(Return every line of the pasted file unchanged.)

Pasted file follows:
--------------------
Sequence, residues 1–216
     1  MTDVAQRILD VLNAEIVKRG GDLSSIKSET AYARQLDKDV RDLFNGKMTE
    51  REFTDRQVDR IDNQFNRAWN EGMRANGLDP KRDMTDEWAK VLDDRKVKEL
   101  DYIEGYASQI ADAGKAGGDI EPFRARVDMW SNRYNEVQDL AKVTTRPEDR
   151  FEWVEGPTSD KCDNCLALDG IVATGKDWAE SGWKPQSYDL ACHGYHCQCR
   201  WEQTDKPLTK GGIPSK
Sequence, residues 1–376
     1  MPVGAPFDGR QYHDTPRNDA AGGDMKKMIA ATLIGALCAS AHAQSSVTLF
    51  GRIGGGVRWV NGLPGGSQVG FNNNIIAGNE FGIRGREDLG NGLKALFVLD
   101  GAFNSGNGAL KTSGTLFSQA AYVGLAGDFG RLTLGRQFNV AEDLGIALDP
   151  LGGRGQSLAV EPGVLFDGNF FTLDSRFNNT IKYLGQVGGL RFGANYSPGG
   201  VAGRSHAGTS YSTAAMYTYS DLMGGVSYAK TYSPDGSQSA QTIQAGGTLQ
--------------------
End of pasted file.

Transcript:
Sequence, residues 1–216
     1  MTDVAQRILD VLNAEIVKRG GDLSSIKSET AYARQLDKDV RDLFNGKMTE
    51  REFTDRQVDR IDNQFNRAWN EGMRANGLDP KRDMTDEWAK VLDDRKVKEL
   101  DYIEGYASQI ADAGKAGGDI EPFRARVDMW SNRYNEVQDL AKVTTRPEDR
   151  FEWVEGPTSD KCDNCLALDG IVATGKDWAE SGWKPQSYDL ACHGYHCQCR
   201  WEQTDKPLTK GGIPSK
Sequence, residues 1–376
     1  MPVGAPFDGR QYHDTPRNDA AGGDMKKMIA ATLIGALCAS AHAQSSVTLF
    51  GRIGGGVRWV NGLPGGSQVG FNNNIIAGNE FGIRGREDLG NGLKALFVLD
   101  GAFNSGNGAL KTSGTLFSQA AYVGLAGDFG RLTLGRQFNV AEDLGIALDP
   151  LGGRGQSLAV EPGVLFDGNF FTLDSRFNNT IKYLGQVGGL RFGANYSPGG
   201  VAGRSHAGTS YSTAAMYTYS DLMGGVSYAK TYSPDGSQSA QTIQAGGTLQ